Sometimes when person A raises an issue, person B jumps in with an immediate and highly cogent response larded with facts which on the face of it seems to settle the matter, however briefly.
Which is good, it’s always useful to have facts and someone who knows them. But there is a proverbial fly in this ointment isn’t there?
Very often a rapid and cogent response is a learned response generated automatically from a settled and well-defined point of view. Part expertise and part bias, it can appear in either guise.
I try to avoid it, although I’m sure I’m successful, but to me that’s one of the drawbacks of expertise, especially if you think it is something you have – the tendency towards automated responses.
Of course we need to make progress in our deliberations, but I’m not so sure that progress is all about attaining expertise. Or at least not in one sense – the pat answer sense, the settled response sense. It seems to me that this problem is also related to seniority – the more senior the expert, the more automated the responses. Not universal by any means, but I think it’s an issue.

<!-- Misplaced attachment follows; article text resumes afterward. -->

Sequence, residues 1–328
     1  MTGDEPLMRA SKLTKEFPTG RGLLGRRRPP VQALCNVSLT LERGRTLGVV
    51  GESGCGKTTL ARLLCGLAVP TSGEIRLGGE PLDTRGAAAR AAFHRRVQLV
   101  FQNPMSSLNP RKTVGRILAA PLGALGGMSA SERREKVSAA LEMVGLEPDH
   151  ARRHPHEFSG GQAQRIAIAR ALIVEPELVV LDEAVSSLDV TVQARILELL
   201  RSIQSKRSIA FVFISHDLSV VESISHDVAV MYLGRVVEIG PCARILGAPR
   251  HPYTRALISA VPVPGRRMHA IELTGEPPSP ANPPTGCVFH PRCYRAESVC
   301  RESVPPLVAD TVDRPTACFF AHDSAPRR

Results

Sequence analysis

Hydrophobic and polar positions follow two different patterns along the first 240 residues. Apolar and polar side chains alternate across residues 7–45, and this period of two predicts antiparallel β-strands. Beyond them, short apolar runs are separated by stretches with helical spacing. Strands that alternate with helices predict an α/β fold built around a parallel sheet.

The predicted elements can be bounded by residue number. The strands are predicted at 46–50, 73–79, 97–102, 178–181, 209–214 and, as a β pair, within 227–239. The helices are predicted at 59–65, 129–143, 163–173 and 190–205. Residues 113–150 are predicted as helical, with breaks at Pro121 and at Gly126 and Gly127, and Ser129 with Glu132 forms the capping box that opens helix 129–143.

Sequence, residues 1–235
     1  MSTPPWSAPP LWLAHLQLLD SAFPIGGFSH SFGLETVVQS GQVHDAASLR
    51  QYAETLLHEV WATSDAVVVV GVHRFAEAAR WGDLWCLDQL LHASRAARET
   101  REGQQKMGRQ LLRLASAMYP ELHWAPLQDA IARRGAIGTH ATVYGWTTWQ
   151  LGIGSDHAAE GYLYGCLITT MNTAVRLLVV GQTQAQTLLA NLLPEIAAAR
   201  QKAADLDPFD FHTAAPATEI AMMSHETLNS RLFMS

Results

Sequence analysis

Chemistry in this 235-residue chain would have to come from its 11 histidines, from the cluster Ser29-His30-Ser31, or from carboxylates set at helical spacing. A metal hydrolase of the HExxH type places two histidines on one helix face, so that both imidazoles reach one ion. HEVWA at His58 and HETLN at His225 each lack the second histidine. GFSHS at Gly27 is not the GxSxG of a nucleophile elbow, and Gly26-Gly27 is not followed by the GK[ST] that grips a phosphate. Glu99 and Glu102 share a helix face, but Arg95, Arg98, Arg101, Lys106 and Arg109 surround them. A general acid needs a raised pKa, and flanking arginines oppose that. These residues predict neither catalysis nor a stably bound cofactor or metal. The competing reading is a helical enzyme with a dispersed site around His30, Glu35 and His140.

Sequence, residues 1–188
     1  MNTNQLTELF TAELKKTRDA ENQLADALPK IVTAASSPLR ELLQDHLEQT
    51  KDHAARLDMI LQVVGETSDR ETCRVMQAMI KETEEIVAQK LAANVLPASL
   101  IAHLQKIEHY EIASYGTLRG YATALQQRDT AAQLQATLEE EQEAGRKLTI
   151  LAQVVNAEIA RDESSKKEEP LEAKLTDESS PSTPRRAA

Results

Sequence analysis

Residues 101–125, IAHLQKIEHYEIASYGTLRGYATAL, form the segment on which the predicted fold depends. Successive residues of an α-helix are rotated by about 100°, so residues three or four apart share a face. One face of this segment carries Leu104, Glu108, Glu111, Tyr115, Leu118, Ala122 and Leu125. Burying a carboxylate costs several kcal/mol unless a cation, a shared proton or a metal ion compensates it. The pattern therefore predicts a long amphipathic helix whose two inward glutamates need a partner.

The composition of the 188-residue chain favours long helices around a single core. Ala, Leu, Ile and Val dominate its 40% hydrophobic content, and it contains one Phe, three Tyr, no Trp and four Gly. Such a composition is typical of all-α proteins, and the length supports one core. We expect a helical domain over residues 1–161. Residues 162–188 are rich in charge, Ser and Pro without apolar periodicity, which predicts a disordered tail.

The great advantage of blogging, or so it seems to me, is how these blasts of expertise can be evaluated at our leisure simply because blogging responses are not immediate. It’s not at all like chatting in a pub – not in that sense. There is even time for a spot of research between blast and counter-blast.
So forcefulness isn’t quite such an advantage to the forceful, which in my view is why so many mainstream pundits are not too keen on the blogosphere. There are other reasons of course, but I’m sure this levelling aspect, in favour of the more contemplative, is one.